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About This Episode
If you’re a new SDR, you’re looking to management for leadership by example.
But what are the qualities of a good management team — and how do you learn what they’re teaching?
Phil started as an SDR in SaaS sales over 14 years ago and arrived at rev ops via AE and sales manager roles.
“What I really loved when I was in the SDR role was helping a lot of the others on my team be successful,” Phil said. “Now I’m in a position to have a much bigger impact on the entire organization — and help out everyone throughout the company.”
Facets of revenue operations
In rev ops, Phil spends time problem solving and enabling others to be successful across departments in his organization.
His favorite parts of his role?
“Coaching and mentoring a lot of the different team members,” he said. “The other big piece that I absolutely love is solving problems.”
Phil is proud of taking an organization from single digits to teens up to triple digits. A lot of these problems are the same — bookings or commission or lead routing or data hygiene systems and tools.
His least favorites?
“I wish we had more time and resources,” he said. “Usually those teams are fairly lean machines.”
About 5 more hours in the day would be ideal.
Among the commonalities that Phil has seen across the fast-growing companies he’s served are:
- A must-have product
- A customer focus
- Great managers
“It’s always been something important to me in growing my career is having good managers, but also having a cohesive executive team,” Phil said.
A strong leadership team has…
Phil looks for a couple of traits in someone who will be his manager.
“I look for somebody that’s going to have my back,” he said. Not someone who will micromanage, but someone with experience who knows when to teach and when to trust.
He also focuses on the culture of the executive team. “I spend more time with execs and my managers and my team than I do my own family, so enjoying the journey is extremely important to me,” he said.
Honestly, the ideal manager for Phil is going to be a great coach more than anything else. “Focusing on how the managers can properly coach their individuals is really how you’re going to scale your organization the fastest,” he said.
Early in their career, managers will be quick to dole out answers or take over a deal themselves. A manager who can ask the right questions to guide someone toward the answer will be more effective long-term.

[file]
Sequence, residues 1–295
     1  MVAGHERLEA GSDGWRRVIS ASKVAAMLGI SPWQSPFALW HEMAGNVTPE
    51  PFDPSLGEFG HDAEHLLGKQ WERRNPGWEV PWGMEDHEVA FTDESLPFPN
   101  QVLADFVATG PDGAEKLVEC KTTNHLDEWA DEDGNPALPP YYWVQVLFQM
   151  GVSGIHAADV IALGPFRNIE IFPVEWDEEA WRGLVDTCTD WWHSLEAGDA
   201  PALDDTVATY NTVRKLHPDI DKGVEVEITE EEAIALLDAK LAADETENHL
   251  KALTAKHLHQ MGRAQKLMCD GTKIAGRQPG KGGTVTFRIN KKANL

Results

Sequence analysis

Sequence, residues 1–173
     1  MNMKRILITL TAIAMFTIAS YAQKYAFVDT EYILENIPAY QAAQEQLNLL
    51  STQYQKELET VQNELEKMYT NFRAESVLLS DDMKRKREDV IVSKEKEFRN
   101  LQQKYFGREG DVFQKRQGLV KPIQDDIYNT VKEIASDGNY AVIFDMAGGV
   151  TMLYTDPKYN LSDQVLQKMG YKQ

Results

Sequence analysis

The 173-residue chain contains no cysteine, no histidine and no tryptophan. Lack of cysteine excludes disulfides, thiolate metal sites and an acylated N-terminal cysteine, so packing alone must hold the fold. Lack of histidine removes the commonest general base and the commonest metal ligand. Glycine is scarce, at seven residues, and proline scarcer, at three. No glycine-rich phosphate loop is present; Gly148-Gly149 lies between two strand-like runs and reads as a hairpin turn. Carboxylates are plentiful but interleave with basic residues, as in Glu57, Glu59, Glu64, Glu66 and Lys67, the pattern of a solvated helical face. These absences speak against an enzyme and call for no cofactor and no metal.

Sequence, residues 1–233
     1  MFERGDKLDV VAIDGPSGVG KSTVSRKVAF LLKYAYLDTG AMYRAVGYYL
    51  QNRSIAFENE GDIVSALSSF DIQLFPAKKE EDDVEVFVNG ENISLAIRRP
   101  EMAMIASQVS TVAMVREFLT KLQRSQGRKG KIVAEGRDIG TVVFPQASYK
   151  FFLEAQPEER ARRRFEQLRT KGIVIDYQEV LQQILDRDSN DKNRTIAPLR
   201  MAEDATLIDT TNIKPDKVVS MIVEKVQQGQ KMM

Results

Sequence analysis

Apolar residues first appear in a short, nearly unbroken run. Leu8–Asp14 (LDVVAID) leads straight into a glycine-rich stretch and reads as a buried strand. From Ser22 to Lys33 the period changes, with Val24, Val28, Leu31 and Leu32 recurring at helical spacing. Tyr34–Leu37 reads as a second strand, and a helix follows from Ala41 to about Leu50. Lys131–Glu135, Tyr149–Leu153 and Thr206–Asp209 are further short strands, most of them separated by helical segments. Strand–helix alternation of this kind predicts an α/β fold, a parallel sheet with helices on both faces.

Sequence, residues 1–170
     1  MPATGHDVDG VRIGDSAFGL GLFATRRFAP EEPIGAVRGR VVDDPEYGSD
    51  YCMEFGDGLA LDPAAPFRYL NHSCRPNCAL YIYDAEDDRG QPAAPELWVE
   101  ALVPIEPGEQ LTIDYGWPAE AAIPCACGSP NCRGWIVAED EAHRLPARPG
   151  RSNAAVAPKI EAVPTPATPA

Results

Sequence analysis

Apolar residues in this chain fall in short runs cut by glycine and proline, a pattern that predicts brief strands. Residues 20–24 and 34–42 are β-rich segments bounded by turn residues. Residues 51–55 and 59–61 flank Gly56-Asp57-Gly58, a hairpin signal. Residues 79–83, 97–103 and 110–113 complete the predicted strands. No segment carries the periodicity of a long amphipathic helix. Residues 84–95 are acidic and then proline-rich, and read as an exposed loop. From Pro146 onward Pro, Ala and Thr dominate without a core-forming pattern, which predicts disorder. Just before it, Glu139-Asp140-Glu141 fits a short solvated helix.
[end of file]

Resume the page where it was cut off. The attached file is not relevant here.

4 tactics for new SDRs
Phil’s experience in coaching SDRs has gained him a few insights that he always shares with new reps.
1.Try many things
“Don’t get stuck with one pitch. Go try to talk to successful SDRs to hear how they pitch, hear how they demo,” he said. “But don’t just stop with the sales team either. Go and talk to your marketing team, go talk to your product managers.”
Approaching everyone as someone you can learn from will help you form your own approach, personality, and process. “Learn from as many people as possible and understand their perspective and how they do things.”
2. Enjoy the journey
The SDR job is tough. You need to discipline yourself to find and enjoy the wins. “Being able to break a big project down into much smaller pieces is going to help you win the war.”
3. Practice, practice, practice
Phil readily admits that he sucked as an SDR starting out. “Preparation is key in a lot of these times.”
Going on a call, doing a big demo, meeting with execs, giving your manager an update. “If you’re not prepared, then it’s going to be tough,” he said.
Practice with roleplay, ask your leaders their take on situations, and craft your own approach.
“If you’re on a one-on-one with your manager and he gives you a tidbit, say, Stop, let’s role play that right now,” Phil said.
4. Seek mentorship
“Find some people that you can trust, some people that believe in you and are willing to help you,” he said.
In addition to a mentor, build up a network of operational leaders that are part of other companies that can help you troubleshoot.
“As a bigger picture, don’t try to completely reinvent the wheel,” Phil said. “Talk to a lot of other people because they have gone through similar issues and problems. Go out there, speak with them, and then try it.”
Connect with Phil on LinkedIn to continue this conversation about leadership, rev ops, and sales.